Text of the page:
That left us just having to deal with the dread marmot threat.

I've been to Mineral King a number of times and seen all manner of vehicular marmot defenses.

Some people wrap their cars with tarps which generally seems to me like it's not going to stop anything.  I've had people confirm that saying the marmots wormed their way inside the tarp, pooped, and chewed their way out.

Some people used to use chicken wire to try and block off the bottom of the car but as of 2018 the SEKI marmot site says "Wrapping vehicle in chicken wire is no longer advised, as marmots have learned to get around the wire"

And then there's the people who use the roll over and submit method leaving their hoods open hoping the furry overlords have mercy.

Personally I've never done any of this.  I've always the rangers and asked how active the marmots are at the trailhead.  Past July they usually say not at all and don't worry about it.  If they are still active I just follow their advice and leave vehicles in the lot across from the ranger station.

This time the ranger station lot was packed leaving us to use the next lot up the road.  Since this was a ways down the road from our trailhead we decided to have pity on our participants and run a car shuttle.  We dropped everyone but the drivers off at the end of the road, then drove back to the lot near the ranger station to drop off the remaining vehicles.  At which point Garry's vehicle died again just as he was turning into a parking space.  This was concerning but we decided we'd just leave it and deal with it after the trip.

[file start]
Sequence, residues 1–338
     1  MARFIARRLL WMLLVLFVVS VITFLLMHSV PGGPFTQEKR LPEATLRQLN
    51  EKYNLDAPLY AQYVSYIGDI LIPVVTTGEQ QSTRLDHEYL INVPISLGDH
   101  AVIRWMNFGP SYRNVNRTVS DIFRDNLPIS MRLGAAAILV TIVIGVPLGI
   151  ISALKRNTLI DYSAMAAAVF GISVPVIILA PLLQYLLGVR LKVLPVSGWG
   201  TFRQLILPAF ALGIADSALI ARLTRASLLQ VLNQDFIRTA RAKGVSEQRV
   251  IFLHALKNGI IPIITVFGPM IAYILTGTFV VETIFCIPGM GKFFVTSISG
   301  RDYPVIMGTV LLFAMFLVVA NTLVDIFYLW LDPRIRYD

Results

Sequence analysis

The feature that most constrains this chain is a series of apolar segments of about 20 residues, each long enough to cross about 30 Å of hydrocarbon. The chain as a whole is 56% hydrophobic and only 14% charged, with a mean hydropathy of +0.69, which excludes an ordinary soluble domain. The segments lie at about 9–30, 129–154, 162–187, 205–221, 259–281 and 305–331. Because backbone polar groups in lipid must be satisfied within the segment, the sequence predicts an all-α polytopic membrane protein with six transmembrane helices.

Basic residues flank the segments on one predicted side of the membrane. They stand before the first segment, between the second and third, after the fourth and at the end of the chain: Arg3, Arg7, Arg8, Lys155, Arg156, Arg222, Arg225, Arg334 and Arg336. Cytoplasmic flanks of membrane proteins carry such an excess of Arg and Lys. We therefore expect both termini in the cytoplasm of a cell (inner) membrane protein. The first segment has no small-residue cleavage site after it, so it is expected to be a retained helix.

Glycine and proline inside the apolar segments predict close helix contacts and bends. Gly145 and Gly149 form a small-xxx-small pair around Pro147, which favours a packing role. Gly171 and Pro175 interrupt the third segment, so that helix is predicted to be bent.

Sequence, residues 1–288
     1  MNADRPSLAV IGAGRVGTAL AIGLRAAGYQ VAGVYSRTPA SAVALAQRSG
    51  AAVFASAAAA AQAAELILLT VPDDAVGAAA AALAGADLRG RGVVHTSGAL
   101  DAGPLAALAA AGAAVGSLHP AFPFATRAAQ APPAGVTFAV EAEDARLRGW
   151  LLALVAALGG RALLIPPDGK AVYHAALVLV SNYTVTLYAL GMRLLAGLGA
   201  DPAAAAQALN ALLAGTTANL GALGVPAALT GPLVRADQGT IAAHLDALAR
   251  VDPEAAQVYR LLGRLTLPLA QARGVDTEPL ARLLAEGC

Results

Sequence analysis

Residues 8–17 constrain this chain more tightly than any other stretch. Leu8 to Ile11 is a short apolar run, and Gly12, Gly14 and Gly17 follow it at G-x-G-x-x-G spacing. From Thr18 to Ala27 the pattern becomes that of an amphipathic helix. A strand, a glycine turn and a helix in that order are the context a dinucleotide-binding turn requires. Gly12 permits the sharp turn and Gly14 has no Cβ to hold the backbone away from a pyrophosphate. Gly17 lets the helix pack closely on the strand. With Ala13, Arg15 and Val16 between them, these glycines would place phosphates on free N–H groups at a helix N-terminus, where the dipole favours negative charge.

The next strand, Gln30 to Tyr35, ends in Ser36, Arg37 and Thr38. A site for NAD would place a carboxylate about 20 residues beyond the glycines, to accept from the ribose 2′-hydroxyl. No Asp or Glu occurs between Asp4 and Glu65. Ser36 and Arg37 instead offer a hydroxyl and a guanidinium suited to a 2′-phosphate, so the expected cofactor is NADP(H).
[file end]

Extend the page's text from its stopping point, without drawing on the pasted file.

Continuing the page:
I drove the drivers back to the trailhead in the Jeep and then Kristen volunteered to drive it back and then jog the road.  No sooner had she driven off as I realized we didn't have the Sierra Club paperwork packet we're required to carry with us.


I had a hope she would notice it when she did a final sweep of the vehicle but she soon arrived back empty handed.  And had to run back to the vehicle and then back again to our trailhead.

That ordeal over we finally left the trailhead late and minus the three people who were running down the hill to get boots.  But we were off!

View from the trailhead looking up at Vandever with the snow patch on the right

Mineral King is always spectacular and I love the view looking up at Farwell Gap.  I do however always seem to forget just how vertical everything is out here.  All the trails climb sharply and they don't have many switchbacks so it's a butkicker right out of the gate.  Fortunately our folks were all troopers and set a good pace.

We took the trail up towards White Chief with the idea of camping near the old mine.  We'd been told by the ranger where to camp since they said there was only a single location up there that could handle a group our size.

We found the clump of trees she described just past the meadow  in the picture above but it took a little while to figure out what campsites she was talking about.  (If you have a smaller group there were a few decent ones off to the right towards the stream.)

We found enough sites scattered between the high flat spot above and the more wooded ones below.